Thus, the project that would eventually become Limitless Heroics – Including Characters with Disabilities, Mental Illness, and Neurodivergence in Fifth Edition was born.

    Quote by Dale on the subject of accessibility in TTRPGs, taken from the body of the text.

    Supporting inclusivity through Limitless Heroics

    One of the things I admire about Dale’s approach is that he brought diverse people into the fold early on to shape the direction of the project – even if he wasn’t sure how he’d finance it at first.

    “I didn’t expect to make any money on it, so I put out a request for any artists who were disabled, mentally ill, or neurodivergent willing to contribute to the project with the promise that, if it did make money, I’d pay them,” he said. “Several jumped in because they believed in the project. I wanted to pay them regardless, but I was working at a group home making slightly less than my monthly mortgage payment, slowly depleting our savings.”

    But Dale was determined to make it work.

    “As I worked on the project, I still didn’t have enough time for it, and the more I talked to people, the more urgent it felt, so in July 2021, I quit my day job to focus on this and related projects full time,” he said. “I knew the only way I could afford it was via Kickstarter, so I sought out more artists, writers, editors, and sensitivity readers to help on the contingency that it would fund, but even when I set the campaign goal, I was determined to at least make sure they got compensated, even if I took a loss.”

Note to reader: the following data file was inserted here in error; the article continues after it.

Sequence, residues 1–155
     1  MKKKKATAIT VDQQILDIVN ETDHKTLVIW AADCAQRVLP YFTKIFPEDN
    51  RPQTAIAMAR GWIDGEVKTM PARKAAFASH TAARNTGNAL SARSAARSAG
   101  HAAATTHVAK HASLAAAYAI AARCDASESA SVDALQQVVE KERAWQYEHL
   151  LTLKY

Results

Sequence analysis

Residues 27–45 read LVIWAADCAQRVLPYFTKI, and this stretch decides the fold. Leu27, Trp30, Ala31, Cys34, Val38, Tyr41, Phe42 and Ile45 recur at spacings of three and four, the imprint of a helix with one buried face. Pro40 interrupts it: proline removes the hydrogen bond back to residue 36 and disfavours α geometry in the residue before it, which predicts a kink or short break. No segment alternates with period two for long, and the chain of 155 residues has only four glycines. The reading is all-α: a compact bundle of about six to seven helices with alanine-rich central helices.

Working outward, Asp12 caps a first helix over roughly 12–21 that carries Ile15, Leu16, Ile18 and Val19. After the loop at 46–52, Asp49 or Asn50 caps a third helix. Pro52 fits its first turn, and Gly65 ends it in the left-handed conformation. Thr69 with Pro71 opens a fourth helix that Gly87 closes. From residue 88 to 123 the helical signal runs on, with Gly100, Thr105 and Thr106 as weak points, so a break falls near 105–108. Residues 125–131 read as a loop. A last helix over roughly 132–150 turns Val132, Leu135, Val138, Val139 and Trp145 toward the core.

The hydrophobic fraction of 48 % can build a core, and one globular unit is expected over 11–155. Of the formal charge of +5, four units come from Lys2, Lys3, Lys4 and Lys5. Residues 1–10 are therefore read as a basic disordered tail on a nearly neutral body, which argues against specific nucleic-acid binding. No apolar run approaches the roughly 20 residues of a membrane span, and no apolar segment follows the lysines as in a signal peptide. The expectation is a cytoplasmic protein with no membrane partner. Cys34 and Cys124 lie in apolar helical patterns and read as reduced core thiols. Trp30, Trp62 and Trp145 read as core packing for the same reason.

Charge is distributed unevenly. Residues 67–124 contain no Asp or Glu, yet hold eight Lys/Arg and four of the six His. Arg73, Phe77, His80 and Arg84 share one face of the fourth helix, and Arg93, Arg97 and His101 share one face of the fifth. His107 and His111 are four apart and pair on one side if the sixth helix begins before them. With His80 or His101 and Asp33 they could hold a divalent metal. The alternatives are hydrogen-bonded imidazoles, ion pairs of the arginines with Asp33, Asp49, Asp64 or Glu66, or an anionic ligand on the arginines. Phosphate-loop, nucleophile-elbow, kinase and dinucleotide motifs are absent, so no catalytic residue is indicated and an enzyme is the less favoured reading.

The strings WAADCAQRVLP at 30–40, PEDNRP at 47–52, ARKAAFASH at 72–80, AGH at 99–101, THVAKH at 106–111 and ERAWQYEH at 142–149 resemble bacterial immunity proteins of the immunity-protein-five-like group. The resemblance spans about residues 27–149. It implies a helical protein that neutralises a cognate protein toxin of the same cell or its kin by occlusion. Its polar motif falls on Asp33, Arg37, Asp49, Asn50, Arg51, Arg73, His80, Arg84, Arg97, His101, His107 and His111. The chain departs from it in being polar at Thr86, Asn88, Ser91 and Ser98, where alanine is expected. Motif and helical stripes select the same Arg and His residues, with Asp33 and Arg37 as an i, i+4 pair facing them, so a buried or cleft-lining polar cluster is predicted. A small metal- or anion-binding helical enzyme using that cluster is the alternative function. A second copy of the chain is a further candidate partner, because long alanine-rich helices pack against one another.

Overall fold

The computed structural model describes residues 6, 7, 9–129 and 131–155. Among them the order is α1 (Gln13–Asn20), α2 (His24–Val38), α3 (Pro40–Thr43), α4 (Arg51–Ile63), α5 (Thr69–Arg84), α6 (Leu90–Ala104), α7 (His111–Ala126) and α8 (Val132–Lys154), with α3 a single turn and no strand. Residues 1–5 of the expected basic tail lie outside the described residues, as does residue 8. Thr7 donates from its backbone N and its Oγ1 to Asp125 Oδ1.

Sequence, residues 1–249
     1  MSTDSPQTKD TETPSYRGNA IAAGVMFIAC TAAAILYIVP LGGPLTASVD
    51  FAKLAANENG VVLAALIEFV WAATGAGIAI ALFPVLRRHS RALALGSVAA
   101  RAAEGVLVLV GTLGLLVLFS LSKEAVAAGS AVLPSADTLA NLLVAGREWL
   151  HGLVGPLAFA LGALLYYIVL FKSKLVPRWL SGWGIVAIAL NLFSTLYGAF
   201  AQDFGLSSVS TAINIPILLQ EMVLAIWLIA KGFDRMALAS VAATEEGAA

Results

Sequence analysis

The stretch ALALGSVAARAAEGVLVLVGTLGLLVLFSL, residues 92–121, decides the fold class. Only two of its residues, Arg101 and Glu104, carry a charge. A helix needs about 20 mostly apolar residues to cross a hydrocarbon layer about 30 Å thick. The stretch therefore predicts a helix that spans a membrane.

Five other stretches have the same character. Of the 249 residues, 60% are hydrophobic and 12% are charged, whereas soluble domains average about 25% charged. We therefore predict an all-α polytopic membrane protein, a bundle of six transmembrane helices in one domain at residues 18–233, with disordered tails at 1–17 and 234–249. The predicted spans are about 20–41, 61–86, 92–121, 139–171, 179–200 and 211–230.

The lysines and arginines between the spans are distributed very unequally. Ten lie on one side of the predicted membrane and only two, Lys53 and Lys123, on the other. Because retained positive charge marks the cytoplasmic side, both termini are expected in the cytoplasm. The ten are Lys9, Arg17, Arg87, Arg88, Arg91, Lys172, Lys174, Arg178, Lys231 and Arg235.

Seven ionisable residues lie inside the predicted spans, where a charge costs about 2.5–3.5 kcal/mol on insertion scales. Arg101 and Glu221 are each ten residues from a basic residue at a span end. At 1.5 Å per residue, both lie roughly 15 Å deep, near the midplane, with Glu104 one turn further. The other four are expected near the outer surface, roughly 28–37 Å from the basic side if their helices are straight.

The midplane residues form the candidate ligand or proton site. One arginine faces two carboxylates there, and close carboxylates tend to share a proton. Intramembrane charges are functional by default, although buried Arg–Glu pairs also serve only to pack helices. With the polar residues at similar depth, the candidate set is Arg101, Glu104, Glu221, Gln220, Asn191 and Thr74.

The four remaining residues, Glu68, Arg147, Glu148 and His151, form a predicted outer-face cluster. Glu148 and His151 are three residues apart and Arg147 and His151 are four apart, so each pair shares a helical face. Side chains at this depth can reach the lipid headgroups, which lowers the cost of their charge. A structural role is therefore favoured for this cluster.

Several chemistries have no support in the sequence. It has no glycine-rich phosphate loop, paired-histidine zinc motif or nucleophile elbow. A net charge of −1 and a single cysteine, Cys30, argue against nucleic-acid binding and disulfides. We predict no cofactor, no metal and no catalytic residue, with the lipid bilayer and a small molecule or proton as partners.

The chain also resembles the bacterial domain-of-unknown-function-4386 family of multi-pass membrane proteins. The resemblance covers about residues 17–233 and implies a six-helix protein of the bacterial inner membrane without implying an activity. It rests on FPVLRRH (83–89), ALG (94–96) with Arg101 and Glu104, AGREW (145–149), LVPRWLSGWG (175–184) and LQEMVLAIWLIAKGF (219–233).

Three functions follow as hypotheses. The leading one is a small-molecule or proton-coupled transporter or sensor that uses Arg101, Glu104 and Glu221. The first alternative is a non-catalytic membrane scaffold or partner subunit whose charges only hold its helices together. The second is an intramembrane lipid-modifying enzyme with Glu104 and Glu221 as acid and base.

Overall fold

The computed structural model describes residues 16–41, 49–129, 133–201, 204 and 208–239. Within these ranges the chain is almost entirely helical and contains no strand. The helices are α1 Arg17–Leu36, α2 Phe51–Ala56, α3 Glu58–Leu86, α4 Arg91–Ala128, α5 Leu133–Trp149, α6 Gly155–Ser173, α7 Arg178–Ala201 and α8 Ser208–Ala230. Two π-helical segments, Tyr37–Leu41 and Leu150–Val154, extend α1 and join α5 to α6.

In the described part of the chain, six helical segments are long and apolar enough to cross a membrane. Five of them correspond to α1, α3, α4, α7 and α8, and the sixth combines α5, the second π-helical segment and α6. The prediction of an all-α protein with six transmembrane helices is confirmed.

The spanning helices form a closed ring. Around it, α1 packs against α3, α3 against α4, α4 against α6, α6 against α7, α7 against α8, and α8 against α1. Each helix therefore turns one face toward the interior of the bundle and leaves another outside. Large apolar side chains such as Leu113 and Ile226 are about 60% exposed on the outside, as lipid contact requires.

Dale launched the Kickstarter on January 4, 2022, and it funded in 19 hours and kept a good pace throughout the campaign.

    “I was shocked,” he said. “The daily hate mail I’d been getting [from naysayers of the project] continued but gradually dwindled, replaced by passionate comments of appreciation and excitement. People told me their stories and how meaningful this project was to them. And to make sure our representation is as accurate as possible, we decided to send the core manuscript to our 2000+ backers to get their feedback. The writing is done, but we have 80 pages of feedback to work through, and we deeply appreciate every word of it.”

    What is a sensitivity reader?

    As a quick aside, I wanted to explain the role of a sensitivity reader, since not everyone who reads this post will necessarily be familiar with the term. A sensitivity reader is someone who reads content for stereotypes, misrepresentation, or lack of understanding, and reports problematic content back to the author along with suggestions. Thus, sensitivity readers can be an important part of the editing process and can help ensure that a written work is representative and inclusive before it’s published. For more info on the topic, I like this blog post.

    Accessibility in TTRPGs: what are the most common issues?

    Personally, I think Dale’s story is pretty inspiring, but for those less familiar with the idea of accessibility (let alone accessibility in TTRPGs), the importance of his work might not be immediately obvious. To help readers understand the bigger picture, I asked Dale about the most common accessibility issues in tabletop gaming and how Wyrmworks Publishing is working to address them.